Choosing an Iron Supplement

By Lori Newell

Since iron can build up to toxic levels if too much is taken, make sure you talk to your doctor to make sure you need a supplement. Individuals who tend to need supplements include pregnant women, infants at below normal weight, teenage girls, vegetarians, women with heavy periods, women on birth control and those with kidney or gastrointestinal diseases who may be unable to absorb iron properly. Iron supplements are usually recommenced when symptoms of iron deficiency are present and your blood tests confirm low levels of iron.

Your body needs iron to function properly. Iron is found in proteins and enzymes. It helps your body transport oxygen. It also supports cell growth. The largest concentration of iron in the body is found in your hemoglobin, which is a protein in red blood cells that carries oxygen. If you do not get enough iron you will begin to feel fatigued and have decreased immunity. This can lead to a condition called anemia. If this occurs, your doctor may suggest an iron supplement.

Make Sure You Need a Supplement

Since iron can build up to toxic levels if too much is taken, make sure you talk to your doctor to make sure you need a supplement. Individuals who tend to need supplements include pregnant women, infants at below normal weight, teenage girls, vegetarians, women with heavy periods, women on birth control and those with kidney or gastrointestinal diseases who may be unable to absorb iron properly. Iron supplements are usually recommenced when symptoms of iron deficiency are present and your blood tests confirm low levels of iron.

Look for Ferrous Sulfate

Iron can be found in multivitamins or it can come separately. Iron supplements can contain either the ferric form of iron or the ferrous form of iron. Supplements that contain ferrous iron are best absorbed by the body. Ferrous iron has three types, ferrous sulfate, ferrous fumarate, and ferrous gluconate. Ferrous sulfate is the preferred type. However, it also causes the most gastrointestinal side effects. Ferrous fumarate, and ferrous gluconate are not absorbed as well, but they tend to be better tolerated. All three forms contain varying amounts of what is called elemental iron, which iron refers to the amount of iron your body will actually absorb from the tablet. This may be different from the total amount the iron the pill contains. Once your physician recommends how much iron you need, check the labels carefully to make sure you are getting the type with the right amount of essential iron.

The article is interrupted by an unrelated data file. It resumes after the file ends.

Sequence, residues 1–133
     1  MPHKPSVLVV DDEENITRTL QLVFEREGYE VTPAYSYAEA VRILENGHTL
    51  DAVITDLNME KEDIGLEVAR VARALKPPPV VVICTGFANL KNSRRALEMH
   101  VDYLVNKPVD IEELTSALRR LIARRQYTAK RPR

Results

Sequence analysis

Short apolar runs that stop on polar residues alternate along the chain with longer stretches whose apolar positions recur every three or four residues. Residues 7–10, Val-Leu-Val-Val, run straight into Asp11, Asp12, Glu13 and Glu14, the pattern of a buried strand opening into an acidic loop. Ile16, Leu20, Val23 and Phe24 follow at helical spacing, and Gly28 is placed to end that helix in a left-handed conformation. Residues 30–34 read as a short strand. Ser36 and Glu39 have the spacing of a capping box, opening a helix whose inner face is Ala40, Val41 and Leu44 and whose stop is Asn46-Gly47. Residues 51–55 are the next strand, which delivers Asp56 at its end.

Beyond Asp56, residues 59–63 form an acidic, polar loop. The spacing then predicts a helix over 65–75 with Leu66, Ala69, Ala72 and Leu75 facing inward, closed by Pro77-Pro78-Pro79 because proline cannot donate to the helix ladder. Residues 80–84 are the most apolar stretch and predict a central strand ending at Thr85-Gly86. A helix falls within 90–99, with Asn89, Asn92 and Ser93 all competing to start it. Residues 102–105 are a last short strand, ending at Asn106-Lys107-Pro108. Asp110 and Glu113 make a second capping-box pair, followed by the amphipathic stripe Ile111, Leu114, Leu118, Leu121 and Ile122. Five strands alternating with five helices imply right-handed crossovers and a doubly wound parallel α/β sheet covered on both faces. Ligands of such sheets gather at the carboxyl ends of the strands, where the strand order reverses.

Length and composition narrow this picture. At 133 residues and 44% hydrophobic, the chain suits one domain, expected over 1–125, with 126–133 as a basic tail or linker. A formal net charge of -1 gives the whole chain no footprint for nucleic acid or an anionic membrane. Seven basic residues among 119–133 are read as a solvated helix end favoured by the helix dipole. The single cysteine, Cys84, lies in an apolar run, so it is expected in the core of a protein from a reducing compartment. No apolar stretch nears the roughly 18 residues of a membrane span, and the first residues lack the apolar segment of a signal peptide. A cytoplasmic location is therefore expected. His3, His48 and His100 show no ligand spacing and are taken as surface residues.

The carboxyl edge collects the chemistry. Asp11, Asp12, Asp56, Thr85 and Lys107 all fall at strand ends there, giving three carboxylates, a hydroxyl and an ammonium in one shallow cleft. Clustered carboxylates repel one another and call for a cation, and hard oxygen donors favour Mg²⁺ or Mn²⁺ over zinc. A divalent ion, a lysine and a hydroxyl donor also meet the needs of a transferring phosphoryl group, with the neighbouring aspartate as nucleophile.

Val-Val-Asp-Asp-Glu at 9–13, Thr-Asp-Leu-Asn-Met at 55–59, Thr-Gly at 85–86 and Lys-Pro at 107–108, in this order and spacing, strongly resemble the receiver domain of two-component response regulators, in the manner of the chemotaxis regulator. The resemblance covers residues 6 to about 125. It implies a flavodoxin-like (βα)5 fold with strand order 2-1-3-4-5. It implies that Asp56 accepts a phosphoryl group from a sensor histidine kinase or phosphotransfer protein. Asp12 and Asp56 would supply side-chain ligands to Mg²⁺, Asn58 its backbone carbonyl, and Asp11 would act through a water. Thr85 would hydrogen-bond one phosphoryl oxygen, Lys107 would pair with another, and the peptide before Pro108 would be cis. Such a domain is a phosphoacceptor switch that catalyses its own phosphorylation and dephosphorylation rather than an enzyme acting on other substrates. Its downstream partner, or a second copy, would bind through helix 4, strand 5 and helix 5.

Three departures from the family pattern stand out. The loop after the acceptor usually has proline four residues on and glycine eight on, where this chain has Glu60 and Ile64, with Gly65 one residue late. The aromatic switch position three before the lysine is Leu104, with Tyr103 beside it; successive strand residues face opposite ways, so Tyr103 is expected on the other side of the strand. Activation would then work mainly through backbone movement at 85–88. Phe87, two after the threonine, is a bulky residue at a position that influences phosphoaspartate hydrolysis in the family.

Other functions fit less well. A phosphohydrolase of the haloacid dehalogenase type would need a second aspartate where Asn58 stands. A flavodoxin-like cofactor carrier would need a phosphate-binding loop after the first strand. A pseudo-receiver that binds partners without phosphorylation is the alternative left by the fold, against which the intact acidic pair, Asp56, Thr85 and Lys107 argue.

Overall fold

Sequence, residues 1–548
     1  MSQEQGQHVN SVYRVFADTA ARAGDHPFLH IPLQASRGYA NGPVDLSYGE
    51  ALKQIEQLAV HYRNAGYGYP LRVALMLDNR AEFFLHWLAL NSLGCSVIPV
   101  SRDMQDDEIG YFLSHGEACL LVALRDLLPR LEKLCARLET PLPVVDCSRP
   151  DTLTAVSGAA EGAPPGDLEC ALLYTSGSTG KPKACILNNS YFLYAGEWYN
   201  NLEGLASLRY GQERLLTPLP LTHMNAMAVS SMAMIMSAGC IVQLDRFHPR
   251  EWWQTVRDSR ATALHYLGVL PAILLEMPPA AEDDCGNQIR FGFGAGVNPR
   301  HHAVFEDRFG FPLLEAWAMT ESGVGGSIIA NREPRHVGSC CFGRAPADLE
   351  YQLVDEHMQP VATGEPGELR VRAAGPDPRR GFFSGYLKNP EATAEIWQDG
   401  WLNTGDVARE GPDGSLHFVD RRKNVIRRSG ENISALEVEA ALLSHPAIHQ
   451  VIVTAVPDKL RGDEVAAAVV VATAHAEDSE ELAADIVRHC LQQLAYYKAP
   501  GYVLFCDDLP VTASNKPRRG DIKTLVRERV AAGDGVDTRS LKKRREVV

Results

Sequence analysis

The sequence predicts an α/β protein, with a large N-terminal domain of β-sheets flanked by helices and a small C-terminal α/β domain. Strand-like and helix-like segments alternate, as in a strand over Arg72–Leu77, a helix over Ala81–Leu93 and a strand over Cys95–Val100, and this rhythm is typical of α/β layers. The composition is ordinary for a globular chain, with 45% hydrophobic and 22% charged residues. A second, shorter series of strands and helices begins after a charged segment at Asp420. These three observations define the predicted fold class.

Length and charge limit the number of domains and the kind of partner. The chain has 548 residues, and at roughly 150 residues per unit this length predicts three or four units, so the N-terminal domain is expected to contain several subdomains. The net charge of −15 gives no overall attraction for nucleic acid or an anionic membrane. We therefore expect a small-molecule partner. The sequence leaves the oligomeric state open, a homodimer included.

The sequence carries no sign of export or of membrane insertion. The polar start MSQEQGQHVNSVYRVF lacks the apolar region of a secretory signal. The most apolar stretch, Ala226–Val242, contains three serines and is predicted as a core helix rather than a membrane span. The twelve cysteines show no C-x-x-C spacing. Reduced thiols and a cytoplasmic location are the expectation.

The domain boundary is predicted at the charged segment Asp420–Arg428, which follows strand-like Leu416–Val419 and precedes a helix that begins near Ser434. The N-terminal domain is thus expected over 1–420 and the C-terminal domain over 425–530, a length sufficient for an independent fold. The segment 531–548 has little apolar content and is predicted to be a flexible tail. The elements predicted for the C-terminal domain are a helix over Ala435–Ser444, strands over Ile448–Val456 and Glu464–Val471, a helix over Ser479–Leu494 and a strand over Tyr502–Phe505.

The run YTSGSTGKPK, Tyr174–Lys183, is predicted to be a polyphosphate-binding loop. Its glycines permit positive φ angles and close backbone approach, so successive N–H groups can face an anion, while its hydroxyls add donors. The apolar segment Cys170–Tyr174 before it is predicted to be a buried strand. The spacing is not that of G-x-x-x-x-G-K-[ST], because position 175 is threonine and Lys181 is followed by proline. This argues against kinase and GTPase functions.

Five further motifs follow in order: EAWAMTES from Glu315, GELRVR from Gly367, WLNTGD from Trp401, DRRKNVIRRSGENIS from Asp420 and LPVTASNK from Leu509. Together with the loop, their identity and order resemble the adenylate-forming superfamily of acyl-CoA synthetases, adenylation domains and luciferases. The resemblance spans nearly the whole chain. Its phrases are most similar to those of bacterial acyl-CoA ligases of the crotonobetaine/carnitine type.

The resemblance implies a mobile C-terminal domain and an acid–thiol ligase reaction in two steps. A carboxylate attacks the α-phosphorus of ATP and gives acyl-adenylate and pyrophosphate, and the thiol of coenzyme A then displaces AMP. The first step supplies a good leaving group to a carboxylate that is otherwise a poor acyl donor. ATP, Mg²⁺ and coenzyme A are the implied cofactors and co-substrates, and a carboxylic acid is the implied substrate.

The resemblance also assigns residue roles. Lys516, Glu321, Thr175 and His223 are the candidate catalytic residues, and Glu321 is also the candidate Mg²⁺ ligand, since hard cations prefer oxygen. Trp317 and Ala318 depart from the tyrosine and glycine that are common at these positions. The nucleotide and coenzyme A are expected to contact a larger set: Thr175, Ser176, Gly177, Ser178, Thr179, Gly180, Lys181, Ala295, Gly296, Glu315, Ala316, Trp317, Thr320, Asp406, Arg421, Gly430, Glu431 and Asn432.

Try Different Forms

Iron supplements can come in tablet or liquid form, which can be taken in drops. Tablets can be regular, coated or extended-release form. The regular tablet forms are best absorbed by the body and are the least expensive. Liquid and drop forms are good for those that have trouble swallowing and for children. Because of the gastrointestinal side effects of taking regular iron capsules, you may wish to try extended-release pills. Unfortunately, the iron in extended-release pills is not absorbed as well.

Consider the Side Effects

When choosing an iron supplement, you may need to try a few to see which ones cause the least amount of side effects. Iron supplements can cause constipation, nausea, vomiting and dark stools. You may need to try different forms of iron supplements to find the one that you tolerate best. In addition, certain foods inhibit iron absorption and others increase it. Vitamin C is one of the most recommend vitamins to help iron absorption. Some iron supplements come with vitamin C added.

Avoid Taking Too Much Iron

It is possible to take too much iron. Accidental overdose of iron can be fatal in children under 6 years of age. Too much iron can be found in the blood and stored in the liver and heart. Conditions such as cancer, cirrhosis of the liver, heart disease, hemochromatosis and organ damage can occur when there is too much iron in the body. Too much iron in the blood can damage blood vessels and play a part in raising your LDL or "bad" cholesterol levels. Taking an iron supplement can cause gastrointestinal symptoms; it is best tolerated if taken with food. In addition, iron supplements may interact and decrease the efficiency of other medications you may be taking. You should be especially careful if you take herbal remedies. Getting adequate iron through your diet is still the best choice, unless your doctor recommends supplements.

About the Author

I hold a Master's degree in exercise physiology/health promotion. I am a certified fitness specialist through the American College of Spots Medicine and an IYT certified yoga teacher. I have over 25 years experience teaching classes to both general public and those with chronic illness. The above allows me to write directly to the reader based on personal experiences.

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